Could Facebook Groups change social networking forever?

6 Oct 2010

Facebook has launched a new Groups feature that allows its 500 million members to create groups around anything of relevance, from football clubs and hobbies to spheres of influence and intimate and secret cliques. Is this really the big announcement everyone’s been waiting for?

For one thing, it will certainly be useful at filtering out the general noise that comes with social networks.

With the new Groups function, users can create spaces where groups of friends, colleagues, fellow hobbyists or just about anyone interested in a specific subject or issue can gather.

Each Group will be gathered and maintained by its members and the new function comes with a Group chat function that allows members to engage in instant messaging.

Most view Groups will start appearing automatically in the left-hand navigation pane of your Facebook page.

To top it off, Facebook has also created a new social graph API that will result in extending your Groups to the wider web.

Context, context, context

The key message here is context. After all, unlike the mad hoi-poloi that can be places like Twitter, this returns context to the original framework that is Facebook. You may have 300 or 600 friends, but who are the ones who really know you or fit into specific relationships based on politics, hobbies or career?

Context, in my opinion, was the glue that made Facebook stickier than Twitter and could be seen as the start of an offensive on professional social networks like Xing or LinkedIn, which are no doubt about the context of career.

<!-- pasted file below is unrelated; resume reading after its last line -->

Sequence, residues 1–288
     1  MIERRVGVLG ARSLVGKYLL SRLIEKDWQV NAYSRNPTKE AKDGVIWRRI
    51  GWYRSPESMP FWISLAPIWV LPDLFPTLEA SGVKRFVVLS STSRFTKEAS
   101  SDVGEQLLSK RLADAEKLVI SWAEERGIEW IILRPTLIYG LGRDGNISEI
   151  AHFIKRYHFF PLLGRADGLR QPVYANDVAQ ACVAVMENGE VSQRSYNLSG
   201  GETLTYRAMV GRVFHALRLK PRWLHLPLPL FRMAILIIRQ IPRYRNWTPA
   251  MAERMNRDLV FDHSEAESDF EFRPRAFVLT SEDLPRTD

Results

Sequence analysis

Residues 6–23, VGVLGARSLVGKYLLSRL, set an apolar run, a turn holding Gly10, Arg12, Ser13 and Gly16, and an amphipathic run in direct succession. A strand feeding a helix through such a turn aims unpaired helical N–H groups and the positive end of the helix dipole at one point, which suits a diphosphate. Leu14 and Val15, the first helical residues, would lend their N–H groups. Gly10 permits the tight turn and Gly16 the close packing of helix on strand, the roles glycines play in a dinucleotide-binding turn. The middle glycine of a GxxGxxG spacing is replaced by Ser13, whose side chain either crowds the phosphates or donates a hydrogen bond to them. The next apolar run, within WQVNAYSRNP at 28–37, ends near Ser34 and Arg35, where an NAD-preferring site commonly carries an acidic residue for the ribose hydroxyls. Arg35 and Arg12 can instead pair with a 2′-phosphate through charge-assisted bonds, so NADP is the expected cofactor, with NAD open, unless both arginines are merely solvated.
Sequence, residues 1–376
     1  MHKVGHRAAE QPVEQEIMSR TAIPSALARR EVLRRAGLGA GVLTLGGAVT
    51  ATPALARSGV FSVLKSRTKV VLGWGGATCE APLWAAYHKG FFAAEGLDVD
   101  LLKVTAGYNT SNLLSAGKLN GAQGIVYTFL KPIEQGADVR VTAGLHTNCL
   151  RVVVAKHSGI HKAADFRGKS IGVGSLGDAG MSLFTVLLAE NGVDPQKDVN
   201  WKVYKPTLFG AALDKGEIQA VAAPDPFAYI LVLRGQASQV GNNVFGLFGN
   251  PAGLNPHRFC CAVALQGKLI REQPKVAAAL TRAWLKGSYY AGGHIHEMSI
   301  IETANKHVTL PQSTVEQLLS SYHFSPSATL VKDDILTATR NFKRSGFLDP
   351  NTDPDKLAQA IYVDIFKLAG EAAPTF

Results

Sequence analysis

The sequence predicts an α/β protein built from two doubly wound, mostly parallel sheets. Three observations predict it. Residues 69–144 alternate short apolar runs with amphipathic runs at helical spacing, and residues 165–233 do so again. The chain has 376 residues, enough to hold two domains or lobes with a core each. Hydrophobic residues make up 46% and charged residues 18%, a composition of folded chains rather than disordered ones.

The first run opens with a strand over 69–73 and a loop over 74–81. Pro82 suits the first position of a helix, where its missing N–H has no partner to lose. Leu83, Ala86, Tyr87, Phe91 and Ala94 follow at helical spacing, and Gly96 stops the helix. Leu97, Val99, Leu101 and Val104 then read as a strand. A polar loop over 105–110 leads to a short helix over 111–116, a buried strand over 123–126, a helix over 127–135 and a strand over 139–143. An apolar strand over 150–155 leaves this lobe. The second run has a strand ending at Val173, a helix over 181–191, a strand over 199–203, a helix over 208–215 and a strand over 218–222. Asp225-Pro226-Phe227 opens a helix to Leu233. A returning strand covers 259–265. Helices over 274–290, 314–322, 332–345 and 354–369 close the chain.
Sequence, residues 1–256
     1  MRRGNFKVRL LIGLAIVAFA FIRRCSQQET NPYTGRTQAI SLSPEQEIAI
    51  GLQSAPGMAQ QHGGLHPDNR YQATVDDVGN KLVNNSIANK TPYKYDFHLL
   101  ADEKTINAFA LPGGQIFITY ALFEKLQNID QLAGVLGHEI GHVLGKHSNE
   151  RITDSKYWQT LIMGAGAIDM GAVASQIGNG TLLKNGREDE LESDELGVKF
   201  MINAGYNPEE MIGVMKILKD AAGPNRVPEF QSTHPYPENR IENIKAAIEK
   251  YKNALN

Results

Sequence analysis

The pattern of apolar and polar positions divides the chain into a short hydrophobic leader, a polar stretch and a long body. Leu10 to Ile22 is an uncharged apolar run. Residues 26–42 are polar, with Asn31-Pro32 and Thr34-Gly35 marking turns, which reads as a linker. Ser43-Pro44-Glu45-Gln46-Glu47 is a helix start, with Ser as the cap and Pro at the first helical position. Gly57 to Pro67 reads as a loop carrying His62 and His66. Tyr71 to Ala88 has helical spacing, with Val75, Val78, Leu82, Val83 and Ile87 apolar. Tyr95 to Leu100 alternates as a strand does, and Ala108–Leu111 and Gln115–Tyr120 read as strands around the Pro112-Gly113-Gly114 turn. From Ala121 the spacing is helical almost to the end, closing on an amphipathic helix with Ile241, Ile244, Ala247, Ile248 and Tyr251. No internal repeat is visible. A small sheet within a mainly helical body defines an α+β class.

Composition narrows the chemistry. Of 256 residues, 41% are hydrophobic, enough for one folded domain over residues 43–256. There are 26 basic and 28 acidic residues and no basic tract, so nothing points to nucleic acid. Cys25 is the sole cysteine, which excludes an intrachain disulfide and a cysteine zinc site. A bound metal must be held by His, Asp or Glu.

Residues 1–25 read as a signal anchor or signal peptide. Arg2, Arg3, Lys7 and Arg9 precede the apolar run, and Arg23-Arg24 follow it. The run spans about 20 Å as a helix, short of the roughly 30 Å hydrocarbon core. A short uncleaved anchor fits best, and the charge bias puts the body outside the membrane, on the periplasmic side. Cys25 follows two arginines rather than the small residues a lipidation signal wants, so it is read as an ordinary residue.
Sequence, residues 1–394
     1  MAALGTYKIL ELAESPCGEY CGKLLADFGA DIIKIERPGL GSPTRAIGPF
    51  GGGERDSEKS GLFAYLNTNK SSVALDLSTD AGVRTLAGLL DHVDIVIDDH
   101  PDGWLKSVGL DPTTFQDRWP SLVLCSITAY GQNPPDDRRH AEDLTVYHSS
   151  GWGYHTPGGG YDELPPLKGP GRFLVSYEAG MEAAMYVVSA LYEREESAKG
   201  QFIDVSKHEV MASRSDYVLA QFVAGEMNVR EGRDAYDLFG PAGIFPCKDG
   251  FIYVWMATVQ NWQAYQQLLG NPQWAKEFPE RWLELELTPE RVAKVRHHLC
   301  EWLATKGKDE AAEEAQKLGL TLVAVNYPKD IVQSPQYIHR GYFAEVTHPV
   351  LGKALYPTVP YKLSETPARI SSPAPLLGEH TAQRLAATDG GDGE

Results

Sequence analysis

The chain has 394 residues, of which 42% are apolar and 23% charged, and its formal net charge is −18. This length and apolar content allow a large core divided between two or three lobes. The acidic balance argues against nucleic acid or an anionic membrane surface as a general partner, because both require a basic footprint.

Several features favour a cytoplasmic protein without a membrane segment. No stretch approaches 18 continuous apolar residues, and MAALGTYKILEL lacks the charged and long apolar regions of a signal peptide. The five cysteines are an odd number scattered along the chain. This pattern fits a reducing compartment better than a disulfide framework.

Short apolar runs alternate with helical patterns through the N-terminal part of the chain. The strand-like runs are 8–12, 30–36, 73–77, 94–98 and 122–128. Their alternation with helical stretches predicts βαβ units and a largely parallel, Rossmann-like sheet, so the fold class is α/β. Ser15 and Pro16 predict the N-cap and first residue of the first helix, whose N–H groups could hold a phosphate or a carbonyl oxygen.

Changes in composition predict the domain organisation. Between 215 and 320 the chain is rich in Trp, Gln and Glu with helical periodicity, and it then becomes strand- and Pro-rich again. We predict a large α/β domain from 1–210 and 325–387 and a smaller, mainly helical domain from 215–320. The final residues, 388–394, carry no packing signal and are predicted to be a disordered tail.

Perhaps the wide appeal of Facebook was getting to its CEO Mark Zuckerberg, et al, in terms of how distinctly uncomfortable ex-Bebo users might be about their parents being on the same network?

One “group” that will definitely love this new feature will be advertisers, because after all, what greater gathering of “tribes” than that of voluntary groups united around ideas, feelings, hobbies, etc.

Then again, what if this, too, becomes unwieldy?

What if you end up with as many Groups as friends? Well, that may be unlikely, but it strikes me as a return to the basics for Facebook.

The question now is privacy. Again, you may share something within a Group but what if information leaks from that Group by virtue of a “Like” or someone sharing information irresponsibly?

Either of these things will come to haunt Facebook or it may add structure to the glue that is the social network of choice for about one-third of today’s internet population.

My gut feeling is this is a step in the right direction, especially towards eradicating people’s fears about privacy.

Another mixed feeling I have is a new Data Portability feature that allows you to download all your content and data into a single Zip file.

This is both revolutionary and bothersome. What if – like many have discovered to their peril and chagrin – you forgot to log out of Facebook and all your data was grabbed or misused for nefarious purposes?

These questions and more will no doubt come to haunt Facebook in the weeks and months to come. But I’m sure they’ve anticipated all these questions …

John Kennedy is a journalist who served as editor of Silicon Republic for 17 years